Welcome to WebmasterWorld Guest from 50.19.34.234

Message Too Old, No Replies

What does "about" blank number of pages actually mean?

     

jezzer300

11:40 am on Mar 13, 2009 (gmt 0)

10+ Year Member



Try the following search in google (the .co.uk) version
with "pages from UK" checked

allinanchor:top websites

The first page says:
Results 1 - 100 of about 88,300

When you get to the last page:
Results 801 - 897 of about 88,300

Would you take this to mean that...
1. Google only wants to show the first 897 results, but there are around 88,300 matching pages.

2. Google estimates the number of pages is "about" 88.3000 which can be wildly out

Regards,

Jez.

g1smd

9:42 pm on Mar 13, 2009 (gmt 0)

WebmasterWorld Senior Member g1smd is a WebmasterWorld Top Contributor of All Time 10+ Year Member Top Contributors Of The Month



Add
&filter=0
to the end of the Google search URL, and see what happens then.

To speed things up, also add

&num=100
to the URL to get 100 results per page.

jezzer300

7:44 pm on Mar 14, 2009 (gmt 0)

10+ Year Member



Hi there.

Thanks for your suggestions.

Adding the filter appears to make no difference.

(I'm already using &num=100 for 100 results per page).

Anyone with any more information?

g1smd

8:20 pm on Mar 14, 2009 (gmt 0)

WebmasterWorld Senior Member g1smd is a WebmasterWorld Top Contributor of All Time 10+ Year Member Top Contributors Of The Month



Sometimes the numbers change significantly when the filter is changed.

Somehow I missed you were already using 100 entries per page.

Robert Charlton

9:02 pm on Mar 14, 2009 (gmt 0)

WebmasterWorld Administrator robert_charlton is a WebmasterWorld Top Contributor of All Time 10+ Year Member Top Contributors Of The Month



Would you take this to mean that...
1. Google only wants to show the first 897 results, but there are around 88,300 matching pages.

This is the meaning I'd assume.

At most, Google will only show 1,000 pages, no matter what the number of results. Sometimes, Google will simply stop short of 1,000, say, at 897, or at 600, and (depending on the kind of query) there's nothing you can do to display more.

Sometimes, if Google feels the pages returned are very similar, so similar that nothing is added to the user experience by showing very many of them, the number of results may cut off well before the 1,000 (or 897). There will be a message to the effect that only the most relevant results have been show, and you will be offered a link to repeat the search with the omitted results included.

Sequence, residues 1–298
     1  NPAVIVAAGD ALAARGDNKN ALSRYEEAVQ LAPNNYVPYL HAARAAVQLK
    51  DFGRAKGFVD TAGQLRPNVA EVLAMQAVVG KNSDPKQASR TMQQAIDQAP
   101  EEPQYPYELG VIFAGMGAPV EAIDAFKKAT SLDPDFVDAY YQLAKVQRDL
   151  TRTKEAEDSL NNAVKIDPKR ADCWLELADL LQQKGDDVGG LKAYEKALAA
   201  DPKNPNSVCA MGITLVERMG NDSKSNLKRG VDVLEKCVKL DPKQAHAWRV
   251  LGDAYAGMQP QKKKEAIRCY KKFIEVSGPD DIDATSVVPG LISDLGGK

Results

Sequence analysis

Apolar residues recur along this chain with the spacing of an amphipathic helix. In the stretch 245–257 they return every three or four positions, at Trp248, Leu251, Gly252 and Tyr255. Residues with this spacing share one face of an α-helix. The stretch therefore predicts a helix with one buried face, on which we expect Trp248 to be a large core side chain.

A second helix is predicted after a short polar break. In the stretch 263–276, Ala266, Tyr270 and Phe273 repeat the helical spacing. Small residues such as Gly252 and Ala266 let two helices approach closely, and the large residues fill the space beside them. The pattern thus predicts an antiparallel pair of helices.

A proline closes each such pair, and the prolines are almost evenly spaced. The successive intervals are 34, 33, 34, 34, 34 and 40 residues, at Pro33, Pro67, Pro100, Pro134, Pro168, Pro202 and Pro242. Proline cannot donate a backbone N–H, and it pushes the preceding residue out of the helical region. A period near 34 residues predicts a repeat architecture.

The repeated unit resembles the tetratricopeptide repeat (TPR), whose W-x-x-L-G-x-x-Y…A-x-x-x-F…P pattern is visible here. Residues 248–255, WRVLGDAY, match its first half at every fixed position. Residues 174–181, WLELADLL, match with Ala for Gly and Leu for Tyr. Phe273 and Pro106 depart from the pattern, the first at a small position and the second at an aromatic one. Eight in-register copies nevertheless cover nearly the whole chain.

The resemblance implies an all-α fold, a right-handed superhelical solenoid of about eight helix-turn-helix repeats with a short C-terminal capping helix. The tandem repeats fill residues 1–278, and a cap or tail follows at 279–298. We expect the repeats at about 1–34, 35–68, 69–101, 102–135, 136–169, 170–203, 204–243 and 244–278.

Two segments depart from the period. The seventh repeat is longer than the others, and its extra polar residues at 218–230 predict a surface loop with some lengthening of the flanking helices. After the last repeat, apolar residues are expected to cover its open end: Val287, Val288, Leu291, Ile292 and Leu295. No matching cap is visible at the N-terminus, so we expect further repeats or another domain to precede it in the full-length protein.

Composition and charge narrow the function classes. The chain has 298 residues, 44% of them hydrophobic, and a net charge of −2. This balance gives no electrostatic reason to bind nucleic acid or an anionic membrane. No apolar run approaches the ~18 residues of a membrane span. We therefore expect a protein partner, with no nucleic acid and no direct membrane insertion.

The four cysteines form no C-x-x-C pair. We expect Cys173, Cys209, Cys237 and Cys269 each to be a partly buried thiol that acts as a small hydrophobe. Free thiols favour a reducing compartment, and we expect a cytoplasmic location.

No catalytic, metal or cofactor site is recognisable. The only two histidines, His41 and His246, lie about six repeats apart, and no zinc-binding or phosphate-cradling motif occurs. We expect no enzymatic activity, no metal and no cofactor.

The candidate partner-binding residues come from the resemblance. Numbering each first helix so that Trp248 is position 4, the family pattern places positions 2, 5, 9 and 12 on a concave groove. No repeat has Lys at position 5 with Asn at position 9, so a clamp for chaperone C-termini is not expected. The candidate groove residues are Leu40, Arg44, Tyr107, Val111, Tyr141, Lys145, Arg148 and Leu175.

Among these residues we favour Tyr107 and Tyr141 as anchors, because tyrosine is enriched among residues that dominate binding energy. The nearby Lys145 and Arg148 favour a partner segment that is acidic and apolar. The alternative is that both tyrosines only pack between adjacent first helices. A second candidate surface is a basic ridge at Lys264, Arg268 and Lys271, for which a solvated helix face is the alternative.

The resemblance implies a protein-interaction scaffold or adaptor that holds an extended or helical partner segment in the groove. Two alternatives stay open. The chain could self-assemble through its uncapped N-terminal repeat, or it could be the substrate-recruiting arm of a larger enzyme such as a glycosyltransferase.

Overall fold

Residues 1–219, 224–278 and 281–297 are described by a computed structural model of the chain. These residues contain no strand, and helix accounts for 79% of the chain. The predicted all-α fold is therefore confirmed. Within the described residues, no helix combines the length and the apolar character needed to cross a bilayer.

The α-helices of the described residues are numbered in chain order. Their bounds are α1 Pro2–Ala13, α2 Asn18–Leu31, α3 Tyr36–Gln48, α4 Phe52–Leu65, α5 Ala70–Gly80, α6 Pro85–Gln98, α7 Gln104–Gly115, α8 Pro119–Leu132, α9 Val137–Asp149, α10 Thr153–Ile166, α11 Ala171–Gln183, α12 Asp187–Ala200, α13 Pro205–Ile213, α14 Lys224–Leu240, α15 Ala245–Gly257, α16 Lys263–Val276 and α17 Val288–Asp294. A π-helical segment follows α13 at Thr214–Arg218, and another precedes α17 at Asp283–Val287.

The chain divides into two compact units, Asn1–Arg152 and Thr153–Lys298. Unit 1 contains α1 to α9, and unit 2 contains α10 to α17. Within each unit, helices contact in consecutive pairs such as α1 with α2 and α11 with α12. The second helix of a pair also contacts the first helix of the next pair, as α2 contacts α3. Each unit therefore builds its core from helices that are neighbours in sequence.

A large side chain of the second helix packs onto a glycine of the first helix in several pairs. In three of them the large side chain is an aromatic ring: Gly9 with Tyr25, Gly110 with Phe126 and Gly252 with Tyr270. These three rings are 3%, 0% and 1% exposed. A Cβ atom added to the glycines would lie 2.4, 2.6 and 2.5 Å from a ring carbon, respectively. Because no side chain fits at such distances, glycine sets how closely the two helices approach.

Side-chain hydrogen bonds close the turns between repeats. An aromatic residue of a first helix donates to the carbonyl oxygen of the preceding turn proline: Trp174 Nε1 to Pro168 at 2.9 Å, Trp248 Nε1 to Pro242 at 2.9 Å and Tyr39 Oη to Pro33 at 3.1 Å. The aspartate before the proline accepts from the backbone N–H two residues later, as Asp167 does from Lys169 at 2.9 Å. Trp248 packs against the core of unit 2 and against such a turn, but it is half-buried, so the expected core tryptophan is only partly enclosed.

Clicking this link appends &filter=0 to the Google search url. The &filter=0 string turns off the duplication filter in the serps displayed.

2. Google estimates the number of pages is "about" 88,3000 which can be wildly out

Not as wildly out as your question supposes... but you may notice as you get deeper into the results that the number of pages reported might change. This number is an estimate only... so if this changes from serp page to serp page, I wouldn't worry about it much. Similarly, this number of results can change over time, either because the number of pages indexed is actually changing, or because the reporting function is changing.

Google doesn't regard its reporting functions to be as important as it regards its actual results.

jezzer300

9:18 pm on Mar 14, 2009 (gmt 0)

10+ Year Member



Thanks for the replies, that's what I was assuming and hoped to be the case.

tedster

4:43 am on Mar 15, 2009 (gmt 0)

WebmasterWorld Senior Member tedster is a WebmasterWorld Top Contributor of All Time 10+ Year Member



One point to note is that Google has moved far beyond returning "text match" results the way search engines did in the past.

So the "about" number doesn't mean "this many pages with the query terms on them". Instead it means something like "about this many urls that might be relevant according to our algo's preliminary assessment."

Then the actual number returned - 897 or whatever - means something like "the 897 urls that our algo feels are the most relevant to this query's intention."

jezzer300

10:25 am on Mar 15, 2009 (gmt 0)

10+ Year Member



Thanks.

It's all for a new SEO algorithm, as long as I compare like for like results all should be well.

 

Featured Threads

Hot Threads This Week

Hot Threads This Month